Undaunted After Repeated Setbacks
Chinese Proverb Calligraphy Scroll

Undaunted After Repeated Setbacks - Chinese Proverb Calligraphy Scroll
Undaunted After Repeated Setbacks - Chinese Proverb Calligraphy Scroll
159cm
62½"
50.3cm
19¾"

Typical Gallery Price: $220.00

Your Price: $98.88


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Undaunted After Repeated Setbacks - Chinese Proverb Calligraphy Scroll living room view

This calligraphy artwork will look great in your home or office.

Approximate Measurements

Artwork Panel: 32.1cm x 98.3cm ≈ 12½" x 38¾"

Silk/Brocade: 41.3cm x 159cm ≈ 16¼" x 62½"

Width at Wooden Knobs: 50.3cm ≈ 19¾"

Information about caring for your wall scroll
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百折不屈

Undaunted After Repeated Setbacks

Undaunted After Repeated Setbacks - Chinese Proverb Calligraphy Scroll close up view

Close up view of the calligraphy artwork mounted to this silk brocade wall scroll

This Chinese proverb means "Be undaunted in the face of repeated setbacks". More directly-translated, it reads, "[Overcome] a hundred setbacks, without flinching". This is of Chinese origin, but is commonly used in Japanese, and somewhat in Korean (same characters, different pronunciation).

This proverb comes from a long, and occasionally tragic story of a man that lived sometime around 25-220 AD. His name was Qiao Xuan and he never stooped to flattery, but remained an upright person at all times. He fought to expose corruption of higher-level government officials at great risk to himself.

Then when he was at a higher level in the Imperial Court, bandits were regularly capturing hostages and demanding ransoms. But when his own son was captured, he was so focused on his duty to the Emperor and common good that he sent a platoon of soldiers to raid the bandits' hideout, and stop them once and for all even at the risk of his own son's life. While all of the bandits were arrested in the raid, they killed Qiao Xuan's son at first sight of the raiding soldiers.

Near the end of his career a new Emperor came to power, and Qiao Xuan reported to him that one of his ministers was bullying the people and extorting money from them. The new Emperor refused to listen to Qiao Xuan and even promoted the corrupt Minister. Qiao Xuan was so disgusted that in protest he resigned his post as minister (something almost never done) and left for his home village.

His tombstone reads "Bai Zhe Bu Nao" which is now a proverb used in Chinese culture to describe a person of strength will who puts up stubborn resistance against great odds.

My Chinese-English dictionary defines these 4 characters as, "keep on fighting in spite of all setbacks", "be undaunted by repeated setbacks" and "be indomitable".

Our translator says it can mean, "never give up" in modern Chinese.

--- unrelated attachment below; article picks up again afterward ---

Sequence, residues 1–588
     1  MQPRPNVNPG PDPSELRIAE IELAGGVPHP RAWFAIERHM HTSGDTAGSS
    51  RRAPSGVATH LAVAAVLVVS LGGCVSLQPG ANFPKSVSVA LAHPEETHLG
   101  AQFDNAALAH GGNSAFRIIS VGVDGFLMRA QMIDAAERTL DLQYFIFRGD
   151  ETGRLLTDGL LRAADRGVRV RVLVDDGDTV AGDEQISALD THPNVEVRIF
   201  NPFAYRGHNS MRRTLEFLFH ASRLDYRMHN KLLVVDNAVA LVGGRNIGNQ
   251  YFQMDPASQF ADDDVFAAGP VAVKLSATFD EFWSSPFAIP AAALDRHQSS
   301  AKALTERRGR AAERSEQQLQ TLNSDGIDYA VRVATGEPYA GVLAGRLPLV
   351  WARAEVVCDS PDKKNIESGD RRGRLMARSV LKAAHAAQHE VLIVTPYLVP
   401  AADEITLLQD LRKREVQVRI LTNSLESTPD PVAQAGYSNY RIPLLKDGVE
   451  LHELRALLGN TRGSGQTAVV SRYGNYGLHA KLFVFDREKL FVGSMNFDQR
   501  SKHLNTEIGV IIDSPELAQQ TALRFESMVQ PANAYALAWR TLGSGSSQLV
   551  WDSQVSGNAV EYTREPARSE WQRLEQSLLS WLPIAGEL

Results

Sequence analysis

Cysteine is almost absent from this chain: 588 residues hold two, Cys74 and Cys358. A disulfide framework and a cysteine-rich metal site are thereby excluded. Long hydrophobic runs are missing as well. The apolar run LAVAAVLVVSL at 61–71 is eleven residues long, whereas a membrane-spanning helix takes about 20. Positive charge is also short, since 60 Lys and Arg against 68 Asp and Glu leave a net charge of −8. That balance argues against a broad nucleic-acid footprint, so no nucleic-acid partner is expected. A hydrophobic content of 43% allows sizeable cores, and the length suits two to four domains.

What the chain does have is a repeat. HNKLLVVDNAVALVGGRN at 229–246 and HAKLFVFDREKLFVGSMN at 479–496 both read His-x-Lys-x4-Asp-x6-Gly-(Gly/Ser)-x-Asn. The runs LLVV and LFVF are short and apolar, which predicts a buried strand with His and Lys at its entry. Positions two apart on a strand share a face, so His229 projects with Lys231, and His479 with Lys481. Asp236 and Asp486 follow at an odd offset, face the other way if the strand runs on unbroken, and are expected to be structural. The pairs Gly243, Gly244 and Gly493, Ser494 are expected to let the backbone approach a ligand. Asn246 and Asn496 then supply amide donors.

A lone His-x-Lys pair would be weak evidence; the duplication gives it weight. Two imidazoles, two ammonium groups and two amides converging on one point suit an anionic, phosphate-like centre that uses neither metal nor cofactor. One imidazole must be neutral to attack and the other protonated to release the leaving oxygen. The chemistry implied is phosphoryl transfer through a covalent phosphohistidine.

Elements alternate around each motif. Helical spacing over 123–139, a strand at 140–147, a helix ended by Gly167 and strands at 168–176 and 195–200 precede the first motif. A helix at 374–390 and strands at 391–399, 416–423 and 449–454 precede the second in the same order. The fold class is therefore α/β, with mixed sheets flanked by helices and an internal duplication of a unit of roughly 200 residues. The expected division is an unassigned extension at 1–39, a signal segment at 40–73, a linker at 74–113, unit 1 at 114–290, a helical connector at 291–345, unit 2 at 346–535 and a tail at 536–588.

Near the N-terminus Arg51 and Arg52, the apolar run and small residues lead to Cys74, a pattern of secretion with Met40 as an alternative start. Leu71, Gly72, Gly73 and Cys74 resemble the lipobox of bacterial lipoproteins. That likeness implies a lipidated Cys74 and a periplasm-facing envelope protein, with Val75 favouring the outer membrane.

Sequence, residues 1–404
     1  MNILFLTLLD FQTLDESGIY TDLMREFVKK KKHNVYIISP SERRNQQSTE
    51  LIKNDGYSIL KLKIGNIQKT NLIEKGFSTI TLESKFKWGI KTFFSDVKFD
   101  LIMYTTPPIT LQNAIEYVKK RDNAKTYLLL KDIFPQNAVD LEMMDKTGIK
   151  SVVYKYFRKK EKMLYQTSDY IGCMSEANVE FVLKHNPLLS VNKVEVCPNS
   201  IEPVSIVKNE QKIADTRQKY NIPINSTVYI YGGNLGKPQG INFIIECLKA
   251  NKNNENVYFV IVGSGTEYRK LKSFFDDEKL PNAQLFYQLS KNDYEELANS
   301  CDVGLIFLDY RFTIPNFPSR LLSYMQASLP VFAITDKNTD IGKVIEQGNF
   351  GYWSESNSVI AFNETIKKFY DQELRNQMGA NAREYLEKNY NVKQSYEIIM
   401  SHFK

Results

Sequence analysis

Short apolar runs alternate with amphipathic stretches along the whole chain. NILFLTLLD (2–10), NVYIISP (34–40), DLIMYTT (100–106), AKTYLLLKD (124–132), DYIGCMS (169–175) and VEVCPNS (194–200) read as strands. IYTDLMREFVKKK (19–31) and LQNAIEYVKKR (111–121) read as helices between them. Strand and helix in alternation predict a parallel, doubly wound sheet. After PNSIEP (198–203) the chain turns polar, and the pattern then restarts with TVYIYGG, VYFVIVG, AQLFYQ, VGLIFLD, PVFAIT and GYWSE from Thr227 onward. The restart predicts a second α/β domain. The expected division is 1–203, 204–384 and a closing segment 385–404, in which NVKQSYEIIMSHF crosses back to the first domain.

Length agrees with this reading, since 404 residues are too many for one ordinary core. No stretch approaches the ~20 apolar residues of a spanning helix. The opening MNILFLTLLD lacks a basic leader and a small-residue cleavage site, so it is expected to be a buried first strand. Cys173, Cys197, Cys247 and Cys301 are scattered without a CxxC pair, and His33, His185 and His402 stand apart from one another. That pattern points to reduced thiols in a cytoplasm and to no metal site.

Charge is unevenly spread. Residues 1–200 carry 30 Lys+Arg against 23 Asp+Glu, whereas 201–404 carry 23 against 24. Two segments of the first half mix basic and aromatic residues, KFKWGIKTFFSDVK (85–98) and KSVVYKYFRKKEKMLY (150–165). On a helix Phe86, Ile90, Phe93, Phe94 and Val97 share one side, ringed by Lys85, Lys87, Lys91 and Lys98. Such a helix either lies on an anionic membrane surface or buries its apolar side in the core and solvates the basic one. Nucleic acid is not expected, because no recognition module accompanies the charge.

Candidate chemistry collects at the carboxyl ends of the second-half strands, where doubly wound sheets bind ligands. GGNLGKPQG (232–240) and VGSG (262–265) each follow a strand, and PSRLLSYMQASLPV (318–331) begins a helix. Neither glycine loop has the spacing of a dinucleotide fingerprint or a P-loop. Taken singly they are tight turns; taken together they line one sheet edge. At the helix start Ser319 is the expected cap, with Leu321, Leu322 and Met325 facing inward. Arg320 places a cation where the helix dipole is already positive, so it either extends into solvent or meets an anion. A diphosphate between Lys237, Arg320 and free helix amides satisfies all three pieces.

Although the first two characters are translated correctly as "repeated setbacks", the literal meaning is "100 setbacks" or "a rope that breaks 100 times". The last two characters can mean "do not yield" or "do not give up".
Most Chinese, Japanese, and Korean people will not take this absolutely literal meaning, but will instead understand it as the title suggests above. If you want a single big word definition, it would be indefatigability, indomitableness, persistence, or unyielding.


See Also...  Tenacity | Fortitude | Strength | Perseverance | Persistence


Written by Master Calligrapher Xing An-Ping using Chinese ink on handmade tan paper, and mounted to a handmade silk brocade wall scroll.

The style of these characters is the calligrapher's "Kaishu".


About the calligrapher:

Caobin 2017

I met Cao Bin years ago, and long before his fame. At that time, his wife was running a small house cleaning business. One day she was tidying up my mother-in-law's home in Beijing and overheard that I am in the business of selling Chinese calligraphy and artwork. She asked if I'd like to meet her husband who was a pretty good calligrapher as she described him with modesty.

The next evening, I visited his modest studio and saw some really nice calligraphy and great black ink bamboo paintings that he'd just finished. After a lot of tea drinking and chatting, I asked if I could commission a few pieces.

Through the years, I would occasionally buy a few more pieces, not realizing how famous he had become. I might pop by his studio, only to hear from his wife that he was down in Anhui receiving an award for his calligraphy (calligraphy competitions are comparable to the fervor that sports championships have in the rest of the world). It finally dawned on me that this man I had known for about 7 years was a premier calligrapher for whom books had been published featuring his work, and the recipient of numerous awards.

The best part is that I have guanxi (a word that kind of means "special relationship" in Chinese), he gives me better prices than anyone else. This really fits well with my philosophy to offer high quality Asian artwork that everyone can afford.

Ponytail Cao Bin

When I first met him, Cao Bin had a shaved head like a Buddhist monk. Years later, he has traded in that look for the ponytail that is expected of the eccentric Chinese artist

Frenzy of people watching Cao Bin

A frenzy of people watch Cao Bin create his calligraphy during a special event

Caobin in Studio

Cao Bin at his studio

Calligraphy Studio of Cao Bin

Full view of Cao Bin's calligraphy studio


More about the artwork:

This is painted on xuan paper (often incorrectly called "rice paper"). The raw artwork was then taken to my workshop in east Beijing where the master mounter built it into a handmade wall scroll.

This item was listed or modified
Sep 22nd, 2021

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Typical Gallery Price: $220.00

Your Price: $98.88


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